Hawaii-Based Marines Test Green Waste Disposal Technology at PTA on Mauna Kea

On an island world-famous for its chain of active volcanoes, Marines are harnessing extreme heat to test a process that could become the future of military waste management.

The science advisor for U.S. Marine Corps Forces Pacific, supported by the MarForPac Experimentation Center, demonstrated a green, rubbish-reducing technology here Jan. 25.

“It’s not burning,” said Ben Tritt, the MarForPac science advisor for Office of Naval Research. “It’s gasification under a very controlled environment, and it’s much cleaner than burning … It’s (also) a self-sustaining process.”

Pvt. Dylan Bolt, a mortarman with 3rd Battalion, 3rd Marine Regiment, 3rd Marine Division, operates the tablet-like interface on the MAGS (Micro Auto Gasification System) here Jan 25, as part of Exercise Lava Viper. MAGS is being tested by the U.S. Marine Corps Forces Pacific Experimentation Center to determine whether it is a viable waste management solution for Marines operating out of austere environments. The machine is capable of handling the daily waste disposal needs of approximately 1,000 troops, converting 95 percent of the waste to gas, which is then used to fuel the process. Bolt, 21, is from Prosser, Wash.  Photo By: Cpl. Ben Eberle

Pvt. Dylan Bolt, a mortarman with 3rd Battalion, 3rd Marine Regiment, 3rd Marine Division, operates the tablet-like interface on the MAGS (Micro Auto Gasification System) here Jan 25, as part of Exercise Lava Viper. MAGS is being tested by the U.S. Marine Corps Forces Pacific Experimentation Center to determine whether it is a viable waste management solution for Marines operating out of austere environments. The machine is capable of handling the daily waste disposal needs of approximately 1,000 troops, converting 95 percent of the waste to gas, which is then used to fuel the process. Bolt, 21, is from Prosser, Wash. Photo By: Cpl. Ben Eberle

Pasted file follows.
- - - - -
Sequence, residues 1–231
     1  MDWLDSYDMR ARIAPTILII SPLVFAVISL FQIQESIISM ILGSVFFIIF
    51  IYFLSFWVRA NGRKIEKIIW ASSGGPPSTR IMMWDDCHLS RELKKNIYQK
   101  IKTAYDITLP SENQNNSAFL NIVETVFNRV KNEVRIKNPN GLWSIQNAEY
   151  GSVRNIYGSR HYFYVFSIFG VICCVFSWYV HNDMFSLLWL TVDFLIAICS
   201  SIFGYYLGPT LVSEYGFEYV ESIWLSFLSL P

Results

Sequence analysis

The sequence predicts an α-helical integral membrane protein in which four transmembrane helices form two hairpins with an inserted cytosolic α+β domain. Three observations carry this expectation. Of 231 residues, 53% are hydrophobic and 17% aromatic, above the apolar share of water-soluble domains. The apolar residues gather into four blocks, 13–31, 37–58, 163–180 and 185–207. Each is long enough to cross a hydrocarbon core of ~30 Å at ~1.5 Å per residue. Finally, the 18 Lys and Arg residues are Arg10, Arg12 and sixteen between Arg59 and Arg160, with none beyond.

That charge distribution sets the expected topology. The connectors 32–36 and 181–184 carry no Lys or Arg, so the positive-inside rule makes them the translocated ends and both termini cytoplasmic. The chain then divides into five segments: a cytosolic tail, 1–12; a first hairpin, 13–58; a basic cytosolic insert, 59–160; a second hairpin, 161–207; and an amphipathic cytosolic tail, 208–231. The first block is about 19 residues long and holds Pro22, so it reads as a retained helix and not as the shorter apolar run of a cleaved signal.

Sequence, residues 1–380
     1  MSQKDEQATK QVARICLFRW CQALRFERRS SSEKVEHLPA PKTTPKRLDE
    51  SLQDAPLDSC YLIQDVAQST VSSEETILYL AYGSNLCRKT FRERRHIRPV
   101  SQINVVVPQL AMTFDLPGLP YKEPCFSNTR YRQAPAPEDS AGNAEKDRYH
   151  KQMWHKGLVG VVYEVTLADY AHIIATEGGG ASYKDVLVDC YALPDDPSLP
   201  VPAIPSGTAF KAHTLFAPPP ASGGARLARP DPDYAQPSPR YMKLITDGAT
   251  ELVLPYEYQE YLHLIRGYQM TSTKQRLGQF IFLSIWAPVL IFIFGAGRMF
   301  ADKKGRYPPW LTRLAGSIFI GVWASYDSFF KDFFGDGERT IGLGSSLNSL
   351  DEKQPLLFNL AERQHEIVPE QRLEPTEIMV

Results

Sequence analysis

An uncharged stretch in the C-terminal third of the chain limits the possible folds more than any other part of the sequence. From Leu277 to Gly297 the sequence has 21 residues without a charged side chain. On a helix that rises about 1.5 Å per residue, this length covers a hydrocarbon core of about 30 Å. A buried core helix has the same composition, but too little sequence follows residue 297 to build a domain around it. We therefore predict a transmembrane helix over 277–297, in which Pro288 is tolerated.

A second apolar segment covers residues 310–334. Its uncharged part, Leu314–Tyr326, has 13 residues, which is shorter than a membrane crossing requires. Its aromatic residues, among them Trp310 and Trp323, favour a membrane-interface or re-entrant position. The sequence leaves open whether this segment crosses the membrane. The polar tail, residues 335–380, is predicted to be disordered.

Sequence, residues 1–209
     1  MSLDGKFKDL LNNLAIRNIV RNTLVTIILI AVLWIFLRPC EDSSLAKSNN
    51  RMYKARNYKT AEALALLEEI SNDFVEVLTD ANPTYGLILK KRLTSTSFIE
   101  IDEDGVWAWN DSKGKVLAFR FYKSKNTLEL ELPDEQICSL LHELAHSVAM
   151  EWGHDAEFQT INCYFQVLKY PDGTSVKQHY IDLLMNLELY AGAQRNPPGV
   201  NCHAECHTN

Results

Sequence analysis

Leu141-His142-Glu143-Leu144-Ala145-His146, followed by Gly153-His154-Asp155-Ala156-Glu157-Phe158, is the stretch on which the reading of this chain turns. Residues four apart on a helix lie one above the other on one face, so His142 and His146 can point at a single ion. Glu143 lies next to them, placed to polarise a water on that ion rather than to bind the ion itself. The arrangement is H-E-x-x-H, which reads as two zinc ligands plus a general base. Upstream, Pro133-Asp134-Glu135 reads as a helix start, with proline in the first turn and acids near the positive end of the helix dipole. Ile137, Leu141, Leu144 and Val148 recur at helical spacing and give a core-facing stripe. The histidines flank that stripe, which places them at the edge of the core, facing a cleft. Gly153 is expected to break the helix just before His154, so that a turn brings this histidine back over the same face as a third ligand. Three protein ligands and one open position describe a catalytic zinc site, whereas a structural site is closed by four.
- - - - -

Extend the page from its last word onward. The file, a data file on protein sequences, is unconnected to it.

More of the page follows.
The machine behind the magic is called MAGS (Micro Auto Gasification System), and perhaps the most impressive aspect of the technology is its simplicity.

Operators start MAGS with diesel fuel, bringing the inside of its insulated drum to temperatures exceeding 1,000 degrees Fahrenheit. The machine is then “fed” trash at a rate of approximately 50 pounds per hour, turning 95 percent of it into gas which is used as fuel to sustain the process. The remaining 5 percent is converted to inert ash which can be safely disposed of in landfills, or mixed with compost, asphalt or cement. One machine is capable of meeting the daily waste disposal needs of approximately 1,000 troops.

“It not only (handles) mixed solid waste – trash that you would typically throw away – but we’ve also done some testing with petroleum, oil and lubricants,” said Tritt. Virtually the only materials MAGS cannot “digest” are glass and metal, which the system leaves intact and sanitizes so they can be easily recycled.

Aside from the obvious environmental and health benefits of reducing landfill usage and burn pits, MAGS and similar waste-to-energy technology can be operated expeditiously in austere and remote environments.

Wherever Marines go, MAGS can follow. This provides an economic benefit by greatly reducing the amount of waste that needs to be shipped from the forward operating base to the nearest disposal site.

The benefits are plentiful and the technology is state-of-the-art, but does it take a scientist to operate?

“Actually, it’s simple enough that a scientist can operate it,” joked Tritt. “It’s kind of like running an iPad.”

During Exercise Lava Viper, a field training exercise currently taking place at PTA, several Hawaii-based Marines gained firsthand experience with the MAGS. They agreed that the system was easy to use.